Considerations for Bariatric Surgery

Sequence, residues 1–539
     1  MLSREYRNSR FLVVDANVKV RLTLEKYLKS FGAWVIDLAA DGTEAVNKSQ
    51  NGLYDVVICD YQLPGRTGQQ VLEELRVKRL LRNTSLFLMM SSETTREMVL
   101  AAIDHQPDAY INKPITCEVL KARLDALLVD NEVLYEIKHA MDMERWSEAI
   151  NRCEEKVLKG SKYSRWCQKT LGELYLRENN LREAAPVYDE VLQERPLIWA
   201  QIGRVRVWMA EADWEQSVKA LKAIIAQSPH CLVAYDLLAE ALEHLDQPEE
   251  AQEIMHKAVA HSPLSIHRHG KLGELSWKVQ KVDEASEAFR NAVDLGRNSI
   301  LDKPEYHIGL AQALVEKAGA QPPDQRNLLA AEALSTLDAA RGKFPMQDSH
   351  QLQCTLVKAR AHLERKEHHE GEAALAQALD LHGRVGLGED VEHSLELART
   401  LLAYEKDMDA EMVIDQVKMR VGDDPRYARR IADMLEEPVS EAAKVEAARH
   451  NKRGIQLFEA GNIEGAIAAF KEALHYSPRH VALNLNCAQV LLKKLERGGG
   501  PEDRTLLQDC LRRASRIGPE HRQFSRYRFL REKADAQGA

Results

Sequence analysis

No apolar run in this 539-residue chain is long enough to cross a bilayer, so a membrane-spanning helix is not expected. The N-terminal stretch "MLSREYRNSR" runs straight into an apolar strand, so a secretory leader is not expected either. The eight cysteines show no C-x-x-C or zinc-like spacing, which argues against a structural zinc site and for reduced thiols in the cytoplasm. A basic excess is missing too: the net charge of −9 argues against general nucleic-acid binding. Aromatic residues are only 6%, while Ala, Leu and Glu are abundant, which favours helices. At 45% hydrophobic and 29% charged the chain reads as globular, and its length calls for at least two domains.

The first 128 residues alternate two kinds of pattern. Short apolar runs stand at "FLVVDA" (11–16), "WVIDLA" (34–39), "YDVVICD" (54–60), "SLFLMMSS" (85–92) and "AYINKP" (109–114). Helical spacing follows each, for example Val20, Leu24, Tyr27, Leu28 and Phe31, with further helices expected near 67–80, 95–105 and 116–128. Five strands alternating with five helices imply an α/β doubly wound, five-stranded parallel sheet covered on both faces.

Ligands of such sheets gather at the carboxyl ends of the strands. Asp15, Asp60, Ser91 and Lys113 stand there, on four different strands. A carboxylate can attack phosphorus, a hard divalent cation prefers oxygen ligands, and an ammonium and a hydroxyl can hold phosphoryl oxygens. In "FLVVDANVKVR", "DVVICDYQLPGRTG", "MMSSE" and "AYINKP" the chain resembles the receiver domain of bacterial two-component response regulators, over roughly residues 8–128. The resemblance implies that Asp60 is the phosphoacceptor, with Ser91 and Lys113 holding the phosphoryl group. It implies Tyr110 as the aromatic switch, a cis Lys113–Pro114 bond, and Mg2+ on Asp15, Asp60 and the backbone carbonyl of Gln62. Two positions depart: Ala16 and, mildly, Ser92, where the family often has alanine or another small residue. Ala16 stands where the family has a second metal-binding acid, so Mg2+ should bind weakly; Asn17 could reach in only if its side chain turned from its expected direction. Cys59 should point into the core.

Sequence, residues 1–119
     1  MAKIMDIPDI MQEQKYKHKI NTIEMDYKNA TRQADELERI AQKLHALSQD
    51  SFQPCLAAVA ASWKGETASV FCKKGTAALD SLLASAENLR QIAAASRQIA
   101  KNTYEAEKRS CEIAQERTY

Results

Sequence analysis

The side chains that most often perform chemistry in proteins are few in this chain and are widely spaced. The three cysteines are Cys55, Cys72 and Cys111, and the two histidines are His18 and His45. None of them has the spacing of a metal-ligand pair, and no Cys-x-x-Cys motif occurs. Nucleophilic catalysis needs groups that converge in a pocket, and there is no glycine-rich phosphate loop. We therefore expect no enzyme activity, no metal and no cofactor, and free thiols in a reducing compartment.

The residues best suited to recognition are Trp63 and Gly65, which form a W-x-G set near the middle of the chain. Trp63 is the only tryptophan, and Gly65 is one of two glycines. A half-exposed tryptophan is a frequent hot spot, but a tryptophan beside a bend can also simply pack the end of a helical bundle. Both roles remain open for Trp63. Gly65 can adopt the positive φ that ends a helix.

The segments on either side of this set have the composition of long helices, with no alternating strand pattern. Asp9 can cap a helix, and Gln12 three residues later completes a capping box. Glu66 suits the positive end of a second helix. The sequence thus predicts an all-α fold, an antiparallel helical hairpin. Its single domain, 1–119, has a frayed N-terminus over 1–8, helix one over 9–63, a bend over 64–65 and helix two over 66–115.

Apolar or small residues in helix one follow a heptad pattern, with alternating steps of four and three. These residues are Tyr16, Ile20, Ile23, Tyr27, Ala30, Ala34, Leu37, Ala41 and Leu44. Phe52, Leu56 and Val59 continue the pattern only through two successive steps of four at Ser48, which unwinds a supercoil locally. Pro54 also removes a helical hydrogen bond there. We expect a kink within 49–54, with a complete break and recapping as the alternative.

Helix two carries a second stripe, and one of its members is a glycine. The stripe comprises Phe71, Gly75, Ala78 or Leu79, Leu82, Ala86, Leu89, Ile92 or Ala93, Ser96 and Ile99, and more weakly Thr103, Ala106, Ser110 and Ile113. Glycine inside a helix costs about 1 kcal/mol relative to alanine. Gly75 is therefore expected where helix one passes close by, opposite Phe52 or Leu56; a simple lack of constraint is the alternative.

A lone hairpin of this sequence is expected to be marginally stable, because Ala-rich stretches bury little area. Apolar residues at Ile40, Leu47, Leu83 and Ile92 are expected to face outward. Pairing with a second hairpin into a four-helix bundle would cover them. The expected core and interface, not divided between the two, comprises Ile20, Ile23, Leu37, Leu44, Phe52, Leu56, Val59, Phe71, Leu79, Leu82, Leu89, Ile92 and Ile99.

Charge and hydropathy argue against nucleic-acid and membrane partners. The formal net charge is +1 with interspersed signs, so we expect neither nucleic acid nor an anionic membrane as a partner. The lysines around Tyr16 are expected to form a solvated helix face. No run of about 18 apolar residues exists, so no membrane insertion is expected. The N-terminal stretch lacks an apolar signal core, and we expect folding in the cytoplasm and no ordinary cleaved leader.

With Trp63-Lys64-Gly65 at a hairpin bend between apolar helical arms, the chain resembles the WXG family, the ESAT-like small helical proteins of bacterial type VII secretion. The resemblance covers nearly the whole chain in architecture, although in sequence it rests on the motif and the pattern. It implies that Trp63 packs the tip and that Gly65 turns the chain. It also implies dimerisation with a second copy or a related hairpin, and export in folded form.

Given the growing number of women with severe obesity, it is not surprising that the number of women who are seeking extreme measures to lose weight, e.g., bariatric surgery, is increasing. As discussed in detail in Chap. 6 ("Pregnancy and Weight Loss Surgery"), surgical interventions to lose weight, unless expertly planned, are not without potential consequences for mother and infant. In addition to promoting weight loss, malabsorptive type surgeries such as gastric bypass have resulted in suboptimal maternal absorption of calcium, iron, folic acid, and vitamin B12 [69]. While these surgeries have had a positive impact on reducing maternal risk for GDM and hypertensive disorders, case reports of intrauterine growth restriction, premature birth, and NTDs have been described [70]. Because of these limitations, the laparoscopic adjustable gastric banding procedure is being used more frequently as a means of restricting stomach volume, decreasing intake, and promoting weight loss [71]. The adjustability of banding also allows for adaptations to altered requirements of pregnancy. Early reports on follow-up of pregnant women who have had this type of procedure are encouraging and indicate reduced risk of malabsorption, GDM, gestational hypertension, and preterm deliveries [71]. To ensure optimal pregnancy outcome and minimize maternal and fetal risks, the American College of Obstetricians and Gynecologists recommends that women delay pregnancy for 12-18 months after surgery to avoid pregnancy during the rapid weight loss phase [67]. Vitamin supplementation is also advised if nutritional deficiencies occur.

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